The basic conclusion reached concerning all of this is that infant failures in maintenance are caused by lack of procedures and/or failure to follow and learn from procedures. The more detailed the procedures and the more insistence on compliance with procedures an organization becomes, the more precise and less error prone its maintenance will become. The result will be an increase in reliability closer to limit that design and other factors will permit.
So our answer to the challenge about how to do maintenance is - become a ProcedureBased Organization – a PBO. That’s a buzzphrase that you can take to the bank!
A Procedure-Based Organization produces or receives and complies with detailed written instructions for conducting not only maintenance, but also operations and routine checks. This seems so basic that it is overlooked in
Figure 5. This Diagram Emphasizes Two-way Communications to Sustain Health of a Procedure-Based Organization.
most organizations and for all the wrong reasons! It’s so much easier than it used to be, given availability of low cost word processing and scanning and image insertion equipment, that there is hardly any excuse for not doing it, given the benefits derived in terms of increased reliability. The fundamental approach is depicted in the diagram below.
Not only does an activity have to declare that it has a Procedure-Based Organization, but it has to back it up with a working process for procedure and checklist origination, dissemination, feedback and follow-up. The idea of feedback and follow-up is reinforced in the diagram above by arrows that imply two-way paths for communications. It is not enough just to disseminate procedures and checklists. Users must have on-going evidence that their ideas for improvement are being received, considered and acted upon promptly. Changes that are concurred in must be seen to be incorporated in revised procedures and checklists coming out of a process that functions as well as is expected of the maintenance and operations processes it supports. Otherwise, enforcement of a policy requiring compliance will quickly become impossible, because of a perception that management support for the process is weak or non-existent.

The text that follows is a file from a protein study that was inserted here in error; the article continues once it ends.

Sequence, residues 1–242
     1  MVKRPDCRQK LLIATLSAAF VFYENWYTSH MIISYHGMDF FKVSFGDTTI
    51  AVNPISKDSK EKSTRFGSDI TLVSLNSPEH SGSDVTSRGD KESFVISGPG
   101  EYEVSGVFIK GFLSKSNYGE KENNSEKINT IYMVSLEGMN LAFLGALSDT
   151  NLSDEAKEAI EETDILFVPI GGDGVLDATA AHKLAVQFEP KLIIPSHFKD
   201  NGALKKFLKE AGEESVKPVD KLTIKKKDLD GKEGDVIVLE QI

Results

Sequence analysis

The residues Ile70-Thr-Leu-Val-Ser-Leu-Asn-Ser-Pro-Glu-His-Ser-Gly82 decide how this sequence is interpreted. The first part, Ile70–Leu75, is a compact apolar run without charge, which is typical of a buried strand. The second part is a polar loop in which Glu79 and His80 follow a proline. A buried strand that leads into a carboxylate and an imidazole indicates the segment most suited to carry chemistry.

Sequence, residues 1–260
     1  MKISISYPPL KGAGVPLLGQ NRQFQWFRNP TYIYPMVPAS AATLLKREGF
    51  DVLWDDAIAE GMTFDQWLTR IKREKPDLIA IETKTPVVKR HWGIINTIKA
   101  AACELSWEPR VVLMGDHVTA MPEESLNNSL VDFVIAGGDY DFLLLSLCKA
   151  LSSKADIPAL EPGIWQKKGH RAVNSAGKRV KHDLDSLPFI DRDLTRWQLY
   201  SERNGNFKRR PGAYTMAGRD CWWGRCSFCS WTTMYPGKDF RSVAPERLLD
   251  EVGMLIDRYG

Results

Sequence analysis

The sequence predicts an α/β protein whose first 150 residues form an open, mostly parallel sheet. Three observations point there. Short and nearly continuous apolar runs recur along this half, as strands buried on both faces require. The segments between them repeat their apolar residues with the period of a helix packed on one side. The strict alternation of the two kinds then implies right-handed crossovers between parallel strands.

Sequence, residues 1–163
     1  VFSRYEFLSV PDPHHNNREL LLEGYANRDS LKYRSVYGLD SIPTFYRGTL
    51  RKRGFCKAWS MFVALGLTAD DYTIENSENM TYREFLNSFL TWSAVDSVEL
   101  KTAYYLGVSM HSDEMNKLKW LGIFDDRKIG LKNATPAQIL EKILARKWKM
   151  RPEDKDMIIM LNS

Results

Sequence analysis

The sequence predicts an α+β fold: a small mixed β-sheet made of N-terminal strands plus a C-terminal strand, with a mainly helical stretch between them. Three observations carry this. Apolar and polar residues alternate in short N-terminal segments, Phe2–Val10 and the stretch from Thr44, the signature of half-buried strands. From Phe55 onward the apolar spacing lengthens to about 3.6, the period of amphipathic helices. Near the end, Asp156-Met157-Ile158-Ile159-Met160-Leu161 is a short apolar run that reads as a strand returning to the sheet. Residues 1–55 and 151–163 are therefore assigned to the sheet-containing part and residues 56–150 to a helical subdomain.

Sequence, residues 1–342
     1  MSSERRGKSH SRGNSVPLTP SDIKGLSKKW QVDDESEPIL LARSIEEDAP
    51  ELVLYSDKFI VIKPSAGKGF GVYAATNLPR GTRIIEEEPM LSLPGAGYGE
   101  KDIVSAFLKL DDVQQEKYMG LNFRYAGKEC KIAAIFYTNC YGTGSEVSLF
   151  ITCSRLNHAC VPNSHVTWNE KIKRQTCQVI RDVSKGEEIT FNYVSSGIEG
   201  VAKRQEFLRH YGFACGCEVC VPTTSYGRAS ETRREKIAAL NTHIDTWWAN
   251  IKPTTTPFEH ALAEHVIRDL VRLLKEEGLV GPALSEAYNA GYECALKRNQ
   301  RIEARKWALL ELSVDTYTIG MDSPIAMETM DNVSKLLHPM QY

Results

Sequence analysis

In July 2004 co-author of this paper, Jack Nicholas, had the opportunity to conduct a one-day seminar in response to a query concerning what it took to become the world’s best maintenance organization. The organization had been operational for only 18 months after rejuvenating a portion of a steel plant that had a hundred year history before shutting down and going out of business three years earlier. The new organization was doing quite well, having returned the equivalent of 80% of its new owner’s investment in the short time it had been operating under new management and carefully selected staff. However, all there knew that world steel prices, then inflated due to the China Bubble, could very quickly deflate to where they might not be competitive with other suppliers of the product they manufactured. They saw maintenance as an area where their equivalent profit margin (return on investment to their owner) could be improved. After attending the seminar, which stressed use of detailed procedures and checklists for both operations and maintenance, management decided to apply the